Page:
At this stage in treatment, there is very little active fighting for recovery.  The part of them that wants recovery is so teeny-tiny and tucked away, that sometimes they aren’t even sure if it’s really there.  They question whether they even deserve this ever-elusive thing we are all selling them.  With Scared and Skeptical at their side, I try to give my client space to settle in, all the while gently moving S & S further and further out.  My best approach for this is introducing Trust and Hope; these relationships take time to form.   I designate myself as the official hope-holder until the time comes when they are ready to share it with me, and then eventually, fully embrace it. 

I’m a very visual thinker, and very maternal.   I hold this vision in my head of what this stage looks like.  (Bear with me, if this gets awkward for you, just skip ahead!).  I’m in my office with Trust and Hope propped up on one hip (imagine giant, squirmy toddlers), I use my free arm to pry ED off of my Early’s back in tiny increments.  ED is a powerful force at this stage.  I don’t mind though, I’m helping my client fight for their life.  This is super-hero stuff!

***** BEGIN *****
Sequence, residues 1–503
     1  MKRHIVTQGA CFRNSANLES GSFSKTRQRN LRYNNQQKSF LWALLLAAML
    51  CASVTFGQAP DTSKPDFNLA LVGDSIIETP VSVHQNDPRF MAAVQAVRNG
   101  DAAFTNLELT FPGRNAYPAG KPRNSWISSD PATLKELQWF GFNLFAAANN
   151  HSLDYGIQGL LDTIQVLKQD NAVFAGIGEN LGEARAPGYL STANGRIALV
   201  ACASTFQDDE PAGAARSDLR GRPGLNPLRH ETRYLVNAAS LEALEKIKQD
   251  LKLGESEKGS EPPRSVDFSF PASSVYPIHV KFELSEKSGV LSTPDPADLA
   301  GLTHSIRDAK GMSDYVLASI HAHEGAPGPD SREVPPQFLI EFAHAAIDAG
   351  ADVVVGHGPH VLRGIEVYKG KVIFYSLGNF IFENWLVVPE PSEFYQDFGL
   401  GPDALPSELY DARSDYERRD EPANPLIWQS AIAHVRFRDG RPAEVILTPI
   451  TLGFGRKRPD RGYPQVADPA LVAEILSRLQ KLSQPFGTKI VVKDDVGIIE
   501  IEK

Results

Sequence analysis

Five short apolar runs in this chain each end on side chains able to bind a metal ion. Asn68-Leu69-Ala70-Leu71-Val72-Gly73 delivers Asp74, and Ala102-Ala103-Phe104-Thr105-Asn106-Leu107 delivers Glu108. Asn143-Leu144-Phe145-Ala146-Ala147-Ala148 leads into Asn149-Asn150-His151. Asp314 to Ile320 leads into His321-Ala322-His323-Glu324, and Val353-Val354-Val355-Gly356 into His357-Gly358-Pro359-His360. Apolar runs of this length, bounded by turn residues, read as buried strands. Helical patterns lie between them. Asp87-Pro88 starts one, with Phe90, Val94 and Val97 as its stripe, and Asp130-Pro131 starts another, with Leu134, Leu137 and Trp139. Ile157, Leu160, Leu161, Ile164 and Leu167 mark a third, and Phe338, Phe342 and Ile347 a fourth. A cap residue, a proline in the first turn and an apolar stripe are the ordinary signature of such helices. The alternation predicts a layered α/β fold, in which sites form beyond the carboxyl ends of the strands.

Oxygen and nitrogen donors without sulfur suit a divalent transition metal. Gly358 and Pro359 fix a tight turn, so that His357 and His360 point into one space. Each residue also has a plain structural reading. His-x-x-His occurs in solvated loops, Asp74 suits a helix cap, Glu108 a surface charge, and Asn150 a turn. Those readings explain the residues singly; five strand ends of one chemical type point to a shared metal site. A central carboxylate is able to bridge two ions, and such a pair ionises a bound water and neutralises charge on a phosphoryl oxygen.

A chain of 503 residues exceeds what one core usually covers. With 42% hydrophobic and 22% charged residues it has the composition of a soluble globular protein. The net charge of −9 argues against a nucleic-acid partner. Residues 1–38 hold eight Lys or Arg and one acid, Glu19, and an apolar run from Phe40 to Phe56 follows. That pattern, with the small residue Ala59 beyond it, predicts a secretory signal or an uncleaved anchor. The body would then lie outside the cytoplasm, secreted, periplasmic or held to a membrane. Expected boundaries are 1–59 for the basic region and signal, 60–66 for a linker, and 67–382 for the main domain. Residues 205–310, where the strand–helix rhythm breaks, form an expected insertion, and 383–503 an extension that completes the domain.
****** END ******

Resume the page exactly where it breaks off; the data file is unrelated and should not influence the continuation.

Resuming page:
Middle: Seems like this is the stage where we hang out for awhile.  Ambivalence has sold out tickets and performs on the regular.  Two steps forward, one step back.  Repeat.  This stage is very hard work when you’re in recovery.  You go back and forth, back and forth – which is tiring.  And then, ever so slowly the grip on ED softens.  In the yoga world, as you hold a powerful pose, the teacher encourages you to ask a part of your body to soften where it can (as my legs tremble, I usually ask this of my hair).  Recovery is similar.   There’s a lot of teetering between softening over here on this symptom and remaining clenched tight over here on another.  I ask my clients to imagine what behaviors or thoughts they might be willing to hold more lightly.  When they get stuck, we get curious.  I ask them to consider what they are so attached to right now and if that’s serving their highest self?